Saturday, February 27, 2010

From a distance

Christianity, from a distance, seems safe. Christ as preached by many in America seems tame, passive, and lifeless. Why have we deluded ourselves into pigeon-holing the Gospel to fit our desires?

It is so much easier to live life with Christ as your self-help coach or "co-pilot" than to let him reign as Lord over your life. When you spend only a few minutes a day in solitude with God, it is all too easy to let the other 23.95 hours be ruled by your own ego. I speak from experience.

What happens when Christ invades your life, though? What happens when you earnestly yearn for a deeper connection with God? What happens when you start immersing yourself in the Word of God?

You become like a seed. You fall into the soil of God's creative power, die, and are reborn as a beautiful, new plant. John captures it in his gospel: "verily I say unto you, except a corn of wheat fall into the ground and die, it abideth alone: but if it die, it bringeth forth much fruit".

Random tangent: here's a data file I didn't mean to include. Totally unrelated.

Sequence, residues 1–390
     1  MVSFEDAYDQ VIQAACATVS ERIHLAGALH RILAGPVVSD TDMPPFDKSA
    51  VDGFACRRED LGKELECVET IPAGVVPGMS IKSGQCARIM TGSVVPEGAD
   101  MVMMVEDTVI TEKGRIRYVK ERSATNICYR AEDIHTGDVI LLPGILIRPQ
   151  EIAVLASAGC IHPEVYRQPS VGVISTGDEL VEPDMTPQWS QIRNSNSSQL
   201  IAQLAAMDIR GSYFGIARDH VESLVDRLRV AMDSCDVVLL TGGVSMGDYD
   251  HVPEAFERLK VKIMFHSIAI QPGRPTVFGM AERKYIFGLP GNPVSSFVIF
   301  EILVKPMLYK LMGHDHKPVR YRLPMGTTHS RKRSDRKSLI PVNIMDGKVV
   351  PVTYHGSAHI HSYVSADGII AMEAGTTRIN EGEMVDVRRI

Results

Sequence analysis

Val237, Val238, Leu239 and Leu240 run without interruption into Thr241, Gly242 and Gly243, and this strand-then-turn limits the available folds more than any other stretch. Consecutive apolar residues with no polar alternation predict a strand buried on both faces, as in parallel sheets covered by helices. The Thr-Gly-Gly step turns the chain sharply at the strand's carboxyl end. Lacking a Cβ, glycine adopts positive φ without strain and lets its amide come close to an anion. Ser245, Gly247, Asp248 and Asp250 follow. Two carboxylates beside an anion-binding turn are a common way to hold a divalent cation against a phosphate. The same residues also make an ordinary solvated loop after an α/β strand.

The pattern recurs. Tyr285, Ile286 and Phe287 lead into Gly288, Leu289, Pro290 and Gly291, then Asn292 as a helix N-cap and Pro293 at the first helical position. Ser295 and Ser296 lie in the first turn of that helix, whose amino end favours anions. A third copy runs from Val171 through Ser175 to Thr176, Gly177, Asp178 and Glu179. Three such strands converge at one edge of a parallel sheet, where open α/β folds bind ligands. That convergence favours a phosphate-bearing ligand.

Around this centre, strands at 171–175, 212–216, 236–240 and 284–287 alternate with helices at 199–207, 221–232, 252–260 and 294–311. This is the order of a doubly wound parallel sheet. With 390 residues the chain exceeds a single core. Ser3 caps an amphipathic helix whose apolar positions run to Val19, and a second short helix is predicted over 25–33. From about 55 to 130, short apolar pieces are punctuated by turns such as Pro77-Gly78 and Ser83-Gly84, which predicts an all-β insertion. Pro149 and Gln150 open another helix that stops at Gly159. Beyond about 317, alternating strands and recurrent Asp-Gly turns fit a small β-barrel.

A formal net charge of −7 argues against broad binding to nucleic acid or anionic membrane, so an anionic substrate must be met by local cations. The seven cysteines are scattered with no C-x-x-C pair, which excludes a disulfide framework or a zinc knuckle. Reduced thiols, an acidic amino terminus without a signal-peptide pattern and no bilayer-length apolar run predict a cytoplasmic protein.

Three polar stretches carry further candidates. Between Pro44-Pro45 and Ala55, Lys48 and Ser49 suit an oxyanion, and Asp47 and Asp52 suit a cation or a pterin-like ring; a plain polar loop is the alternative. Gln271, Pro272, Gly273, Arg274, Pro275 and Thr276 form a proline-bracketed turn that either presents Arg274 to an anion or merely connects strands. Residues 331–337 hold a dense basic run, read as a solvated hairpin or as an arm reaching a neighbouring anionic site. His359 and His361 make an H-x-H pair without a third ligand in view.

But why have we confused ourselves into thinking that this decision is merely a ONE-time decision made when we decide to follow Christ? The "moment" of salvation has become distorted in our contemporary context. We have placed so much emphasis on making a decision for Christ that we have failed to properly explain that it is a decision that must be made every single day.

Each day is a creation unto its own. It is not yesterday, neither is it the future. It is a precious gift. The Word also says "Choose you this day whom you shall serve". But we are content with believing that if we've made our one-time decision we've done what it takes to punch our salvation-ticket.

The "choose you this day" version of faith, though, is what we need to learn. We must, as a generation, immerse ourselves in the Word, giving Christ complete Lordship over our lives, praying for the faith to be able to follow where he leads. This is the kind of Christianity that is not safe. This is the kind of Christianity that requires much of me.

No, it requires all of me.

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